Parker owes his fame to circumstances. The wise moderation of the Elizabethan settlement, which had been effected before his appointment, was not due to him. Elizabeth wanted a moderate man, so she chose Parker. He possessed all the qualifications she expected from an archbishop except celibacy. He distrusted popular enthusiasm, and he wrote in horror of the idea that "the people" should be the reformers of the Church. He was not an inspiring leader; and no dogma, no prayer-book, not even a tract or a hymn is associated with his name. The 56 volumes published by the Parker Society include only one by its eponymous hero, and that is a volume of correspondence. He was a disciplinarian, a scholar, a modest and moderate man of genuine piety and irreproachable morals. His historical research was exemplified in his De antiquilate ecclesiae, and his editions of Asser, Matthew Paris, Walsingham, and the compiler known as Matthew of Westminster; his liturgical skill was shown in his version of the psalter and in the occasional prayers and thanksgivings which he was called upon to compose; and he left a priceless collection of manuscripts to his college at Cambridge.
He avoided involvement in secular politics, and was never admitted to Elizabeth's privy council. Ecclesiastical politics gave him considerable trouble. Many of the reformers wanted no bishops, while the Catholics wanted those of the old dispensation, and the queen herself grudged episcopal privilege until she recognised it as one of the chief bulwarks of the royal supremacy. Parker was left to stem the rising tide of Puritan feeling with little support from parliament, convocation or the Crown. The bishops' Interpretations and Further Considerations, issued in 1560, tolerated a lower vestiarian standard than was prescribed by the rubric of 1559; the Advertisements, which Parker published in 1566, to check the Puritan descent, had to appear without specific royal sanction; and the Reformatio legum ecclesiasticarum, which Foxe published with Parker's approval, received neither royal, parliamentary nor synodical authorization. Parliament even contested the claim of the bishops to determine matters of faith. "Surely," said Parker to Peter Wentworth, "you will refer yourselves wholly to us therein." "No, by the faith I bear to God," retorted Wentworth, "we will pass nothing before we understand what it is; for that were but to make you popes. Make you popes who list, for we will make you none." Disputes about vestments had expanded into a controversy over the whole field of Church government and authority, and Parker died on May 17 1575, lamenting that Puritan ideas of "governance" would "in conclusion undo the queen and all others that depended upon her." By his personal conduct he had set an ideal example for Anglican priests, and it was not his fault that national authority failed to crush the individualistic tendencies of the Protestant Reformation.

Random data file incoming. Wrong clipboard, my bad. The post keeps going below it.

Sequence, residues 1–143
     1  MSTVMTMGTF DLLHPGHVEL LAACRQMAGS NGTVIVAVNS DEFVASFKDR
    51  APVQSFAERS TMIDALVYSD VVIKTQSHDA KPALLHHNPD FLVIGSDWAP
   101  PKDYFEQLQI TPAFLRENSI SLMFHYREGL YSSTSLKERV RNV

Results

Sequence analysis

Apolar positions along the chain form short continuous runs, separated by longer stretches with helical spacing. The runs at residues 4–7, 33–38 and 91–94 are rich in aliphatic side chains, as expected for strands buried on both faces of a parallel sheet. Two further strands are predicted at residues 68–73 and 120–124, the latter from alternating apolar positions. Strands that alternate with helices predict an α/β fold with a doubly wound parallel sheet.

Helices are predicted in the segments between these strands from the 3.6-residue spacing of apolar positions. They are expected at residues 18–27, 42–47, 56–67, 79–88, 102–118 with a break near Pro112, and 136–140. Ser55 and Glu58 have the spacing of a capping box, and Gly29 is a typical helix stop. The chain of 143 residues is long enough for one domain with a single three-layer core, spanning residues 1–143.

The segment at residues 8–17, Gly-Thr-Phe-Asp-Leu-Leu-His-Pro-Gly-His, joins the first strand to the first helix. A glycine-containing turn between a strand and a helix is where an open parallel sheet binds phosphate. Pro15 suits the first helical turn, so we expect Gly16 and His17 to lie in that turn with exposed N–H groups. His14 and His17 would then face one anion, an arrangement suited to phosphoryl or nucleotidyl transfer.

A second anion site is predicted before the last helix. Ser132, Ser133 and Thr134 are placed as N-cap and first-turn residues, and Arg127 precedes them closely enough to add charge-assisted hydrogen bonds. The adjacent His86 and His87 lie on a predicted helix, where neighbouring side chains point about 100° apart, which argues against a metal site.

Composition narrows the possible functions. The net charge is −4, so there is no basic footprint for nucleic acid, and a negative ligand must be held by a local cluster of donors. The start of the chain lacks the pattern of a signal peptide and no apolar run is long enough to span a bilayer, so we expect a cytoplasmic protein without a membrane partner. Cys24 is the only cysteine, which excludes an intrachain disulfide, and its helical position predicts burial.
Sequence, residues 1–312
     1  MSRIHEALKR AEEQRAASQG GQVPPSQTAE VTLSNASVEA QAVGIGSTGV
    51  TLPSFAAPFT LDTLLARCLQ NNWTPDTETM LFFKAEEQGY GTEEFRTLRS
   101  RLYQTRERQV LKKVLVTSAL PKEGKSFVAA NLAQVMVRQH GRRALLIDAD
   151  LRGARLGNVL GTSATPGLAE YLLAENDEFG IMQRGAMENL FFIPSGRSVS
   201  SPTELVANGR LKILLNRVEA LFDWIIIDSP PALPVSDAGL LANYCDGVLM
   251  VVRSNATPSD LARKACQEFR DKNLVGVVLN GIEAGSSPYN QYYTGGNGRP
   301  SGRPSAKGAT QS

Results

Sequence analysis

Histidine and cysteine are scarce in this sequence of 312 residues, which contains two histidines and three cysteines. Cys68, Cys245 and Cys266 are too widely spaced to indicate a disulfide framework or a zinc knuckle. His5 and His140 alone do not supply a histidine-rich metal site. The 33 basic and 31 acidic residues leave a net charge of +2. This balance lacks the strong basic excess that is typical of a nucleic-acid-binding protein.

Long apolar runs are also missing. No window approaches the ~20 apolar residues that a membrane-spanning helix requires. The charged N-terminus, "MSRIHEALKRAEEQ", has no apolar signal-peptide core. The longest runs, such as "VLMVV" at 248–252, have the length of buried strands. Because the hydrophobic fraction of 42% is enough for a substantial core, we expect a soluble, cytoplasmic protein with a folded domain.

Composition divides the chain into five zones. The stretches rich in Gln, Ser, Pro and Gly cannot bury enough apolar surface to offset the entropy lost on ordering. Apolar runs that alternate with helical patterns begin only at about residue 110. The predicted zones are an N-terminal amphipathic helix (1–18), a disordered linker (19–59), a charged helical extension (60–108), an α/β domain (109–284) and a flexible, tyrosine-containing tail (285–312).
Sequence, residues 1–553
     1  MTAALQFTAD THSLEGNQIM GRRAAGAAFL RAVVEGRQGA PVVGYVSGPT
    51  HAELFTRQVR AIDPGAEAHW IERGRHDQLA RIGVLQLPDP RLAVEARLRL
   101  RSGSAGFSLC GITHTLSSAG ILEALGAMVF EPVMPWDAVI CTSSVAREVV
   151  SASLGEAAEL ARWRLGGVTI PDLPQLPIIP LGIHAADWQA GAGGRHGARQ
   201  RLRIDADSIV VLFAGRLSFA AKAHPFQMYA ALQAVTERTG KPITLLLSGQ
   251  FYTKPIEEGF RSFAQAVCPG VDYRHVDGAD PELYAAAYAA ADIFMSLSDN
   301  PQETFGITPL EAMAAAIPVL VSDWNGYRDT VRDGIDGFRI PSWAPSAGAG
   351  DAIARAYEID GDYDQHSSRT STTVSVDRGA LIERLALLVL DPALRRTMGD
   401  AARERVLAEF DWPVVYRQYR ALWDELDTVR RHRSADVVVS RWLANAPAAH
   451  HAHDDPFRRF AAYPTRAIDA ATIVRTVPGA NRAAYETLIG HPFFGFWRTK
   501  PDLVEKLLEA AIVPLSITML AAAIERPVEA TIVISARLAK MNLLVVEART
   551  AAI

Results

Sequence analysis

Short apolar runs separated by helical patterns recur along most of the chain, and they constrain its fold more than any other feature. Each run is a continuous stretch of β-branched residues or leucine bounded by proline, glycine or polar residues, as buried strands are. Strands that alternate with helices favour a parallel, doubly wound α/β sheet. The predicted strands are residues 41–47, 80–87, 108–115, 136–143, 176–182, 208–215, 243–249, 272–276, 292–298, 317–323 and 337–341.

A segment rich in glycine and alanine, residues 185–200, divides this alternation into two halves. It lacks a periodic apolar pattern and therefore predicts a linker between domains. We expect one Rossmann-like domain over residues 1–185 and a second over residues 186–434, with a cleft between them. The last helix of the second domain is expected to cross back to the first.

John Strype's Life of Parker, originally published in 1711, and re-edited for the Clarendon Press in 1821 (3 vols.), is the principal source for Parker's life. A biographical sketch written from a different point of view was published by WM Kennedy in 1908. See also J Bass Mullinger's scholarly life in Dict. Nat. Biog; WH Frere's volume in Stephens and Hunt's Church History; Strype's Works (General Index); Gough's Index to Parker Soc. Putt.; Fuller, Gilbert Burnet, Collier and Richard Watson Dixon's Histories of the Church; Birt's Elizabethan Settlement; H Gee's Elizabethan Clergy (1898); Froude's History of England; and vol. vi. in Longman's Political History.
This entry was originally from the 1911 Encyclopedia Britannica.